Jorge Lorenzo dominated the season opening Qatar Grand Prix from start to finish, leading a factory Yamaha 1-2 with Valentino Rossi winning a thrilling battle for second in the closing laps with Marc Marquez. The reigning world champion was never troubled from the moment he led into turn one with all of the fireworks behind him.
Dani Pedrosa didn’t get his usual lightning getaway although he did gain a spot as Cal Crutchlow fell back down the order. By contrast, Bradley Smith made the rapid start that became his trademark in Moto2 to be up with Alvaro Bautista but the rookie was hung out to dry at turn one before his first MotoGP appearance was cut short by a crash five laps in.
Lorenzo eased away from Pedrosa with Andrea Dovizioso up to third but Rossi was keen to change that and lined up his old motorcycle at the start of lap two. The move almost led to disaster though as Rossi outbraked himself, missing the Ducati but surrendering three places in the process as Crutchlow, Marc Marquez and Stefan Bradl eased past him.
With the other factory Yamaha long gone, Pedrosa was leading a train involving Crutchlow and his rookie teammate Marquez, both having overhauled Dovizioso’s Ducati. Crutchlow had designs on second but the superior straight line speed of the factory Honda would prove too tough an obstacle. Instead of looking ahead, Cal had to watch the second RC213V of Marquez breeze past him at the start of lap four and his superiority through the infield couldn’t make up the difference.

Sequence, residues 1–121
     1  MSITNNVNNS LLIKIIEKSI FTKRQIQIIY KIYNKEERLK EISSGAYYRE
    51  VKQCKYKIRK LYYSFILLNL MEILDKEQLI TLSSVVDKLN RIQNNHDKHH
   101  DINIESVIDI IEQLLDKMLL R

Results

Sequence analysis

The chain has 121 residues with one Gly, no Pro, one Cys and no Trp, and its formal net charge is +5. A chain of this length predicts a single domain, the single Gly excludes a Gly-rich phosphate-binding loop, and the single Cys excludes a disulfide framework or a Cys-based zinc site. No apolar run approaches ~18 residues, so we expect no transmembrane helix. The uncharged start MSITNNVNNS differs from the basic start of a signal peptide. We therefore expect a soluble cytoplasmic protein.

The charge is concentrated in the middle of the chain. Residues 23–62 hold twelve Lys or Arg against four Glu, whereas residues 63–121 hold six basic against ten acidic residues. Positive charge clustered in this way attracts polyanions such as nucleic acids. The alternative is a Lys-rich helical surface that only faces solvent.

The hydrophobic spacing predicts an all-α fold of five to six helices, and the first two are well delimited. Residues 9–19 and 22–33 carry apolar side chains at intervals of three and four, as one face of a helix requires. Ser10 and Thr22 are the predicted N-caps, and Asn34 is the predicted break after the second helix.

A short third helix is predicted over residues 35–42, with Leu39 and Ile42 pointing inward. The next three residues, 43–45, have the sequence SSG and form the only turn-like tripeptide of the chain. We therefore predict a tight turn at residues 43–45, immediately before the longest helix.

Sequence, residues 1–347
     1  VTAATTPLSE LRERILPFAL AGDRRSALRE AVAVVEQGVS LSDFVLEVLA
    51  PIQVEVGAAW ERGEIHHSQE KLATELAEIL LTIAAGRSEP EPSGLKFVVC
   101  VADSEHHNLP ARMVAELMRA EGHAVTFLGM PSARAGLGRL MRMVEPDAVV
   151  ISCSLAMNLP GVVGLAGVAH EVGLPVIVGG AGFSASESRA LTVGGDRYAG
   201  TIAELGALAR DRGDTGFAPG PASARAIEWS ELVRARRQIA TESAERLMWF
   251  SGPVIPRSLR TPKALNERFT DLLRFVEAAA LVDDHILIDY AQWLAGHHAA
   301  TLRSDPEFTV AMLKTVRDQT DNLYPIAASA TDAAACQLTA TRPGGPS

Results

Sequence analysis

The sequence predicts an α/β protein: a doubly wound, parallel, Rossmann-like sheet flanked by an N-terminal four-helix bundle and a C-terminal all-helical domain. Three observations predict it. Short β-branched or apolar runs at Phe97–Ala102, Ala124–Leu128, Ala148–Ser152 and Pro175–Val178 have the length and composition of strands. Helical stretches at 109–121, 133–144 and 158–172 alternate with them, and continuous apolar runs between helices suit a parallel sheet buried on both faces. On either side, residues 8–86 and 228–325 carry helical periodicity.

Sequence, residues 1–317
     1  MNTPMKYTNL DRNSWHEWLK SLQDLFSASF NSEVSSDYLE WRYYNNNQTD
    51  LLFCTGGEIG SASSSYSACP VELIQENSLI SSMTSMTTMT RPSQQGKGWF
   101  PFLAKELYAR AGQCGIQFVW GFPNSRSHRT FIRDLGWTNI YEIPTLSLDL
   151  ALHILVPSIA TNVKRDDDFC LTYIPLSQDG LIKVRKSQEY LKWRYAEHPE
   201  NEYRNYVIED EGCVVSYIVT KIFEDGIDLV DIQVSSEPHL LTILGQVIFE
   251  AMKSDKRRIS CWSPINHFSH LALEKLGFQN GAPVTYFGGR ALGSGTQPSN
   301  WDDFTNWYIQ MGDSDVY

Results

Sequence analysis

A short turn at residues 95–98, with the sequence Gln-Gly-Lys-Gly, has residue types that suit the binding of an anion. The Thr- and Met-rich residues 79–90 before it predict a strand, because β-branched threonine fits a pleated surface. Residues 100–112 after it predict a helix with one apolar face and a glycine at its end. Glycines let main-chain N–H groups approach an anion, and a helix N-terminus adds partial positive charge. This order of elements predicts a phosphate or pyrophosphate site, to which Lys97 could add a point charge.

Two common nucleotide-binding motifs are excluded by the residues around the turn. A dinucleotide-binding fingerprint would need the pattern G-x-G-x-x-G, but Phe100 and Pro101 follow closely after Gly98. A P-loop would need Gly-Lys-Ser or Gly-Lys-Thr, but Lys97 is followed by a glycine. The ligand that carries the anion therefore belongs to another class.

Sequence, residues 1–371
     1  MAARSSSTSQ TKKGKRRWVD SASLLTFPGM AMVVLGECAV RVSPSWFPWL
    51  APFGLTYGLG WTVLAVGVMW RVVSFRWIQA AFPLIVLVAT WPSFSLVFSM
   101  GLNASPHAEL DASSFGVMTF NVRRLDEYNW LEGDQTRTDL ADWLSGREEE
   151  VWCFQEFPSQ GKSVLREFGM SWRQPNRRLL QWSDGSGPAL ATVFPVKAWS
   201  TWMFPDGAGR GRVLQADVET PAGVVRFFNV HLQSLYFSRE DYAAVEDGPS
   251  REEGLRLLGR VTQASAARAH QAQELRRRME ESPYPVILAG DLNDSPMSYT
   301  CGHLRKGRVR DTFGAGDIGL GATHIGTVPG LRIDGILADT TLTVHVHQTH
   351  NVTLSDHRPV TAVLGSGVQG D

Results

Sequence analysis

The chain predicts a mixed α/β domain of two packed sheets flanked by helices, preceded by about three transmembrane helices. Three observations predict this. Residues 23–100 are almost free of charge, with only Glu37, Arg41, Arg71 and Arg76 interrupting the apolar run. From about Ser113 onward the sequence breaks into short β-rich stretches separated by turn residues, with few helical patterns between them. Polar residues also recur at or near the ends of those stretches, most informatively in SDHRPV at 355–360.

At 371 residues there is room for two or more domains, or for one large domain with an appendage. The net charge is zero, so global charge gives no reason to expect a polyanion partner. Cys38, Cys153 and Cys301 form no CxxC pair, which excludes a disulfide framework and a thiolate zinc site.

Worryingly for Pedrosa, Marquez was all over the back of him and apparently able to match his pace with ease and on lap seventeen, the inevitable happened as Marc moved into second. Perhaps he’d seen Rossi coming with the Doctor eradicating the four second gap between himself and Crutchlow to haul himself into the group fighting for the podium places.
With five laps remaining, Valentino went after his first victim with Crutchlow demoted to fifth at the end of the pit straight. It could have been even worse for the Briton who speared off onto the tarmac run-off but he recovered in time to keep sixth placed Alvaro Bautista behind him and cruise home in a safe fifth.
Pedrosa’s third place was anything but secure and as the Spaniard’s tyres faded, Rossi was simply too strong and scythed up the inside into turn six. Marquez was in mood to surrender second to his childhood hero either but the Yamaha eased past on lap twenty, seemingly wrapping up second place for the Italian. Unlike Pedrosa though, Marquez was able to keep himself in touch around the rest of the lap and launched a counter attack into turn one next time around. As Rossi defended, Marquez took to the outside before ducking back underneath the man fourteen years his senior, demonstrating that the hype surrounding him pre-season was entirely justified.
Rossi wasn’t finished however and lined Marquez up again into turn four, moving past at that location for the second lap in a row and despite a last lap rally, Valentino would claim a popular second place. Marquez beat his teammate Pedrosa by three seconds in the end with Crutchlow next up while Bautista got the better of the two factory Ducatis to finish sixth. Dovizioso would pip Nicky Hayden to seventh by half a second with Andrea Iannone and Ben Spies line astern in ninth and tenth on the Pramac machines.
Aleix Espargaro won the battle of the Aspar teammates for top CRT status while Michael Laverty reached the end of his first Grand Prix in seventeenth.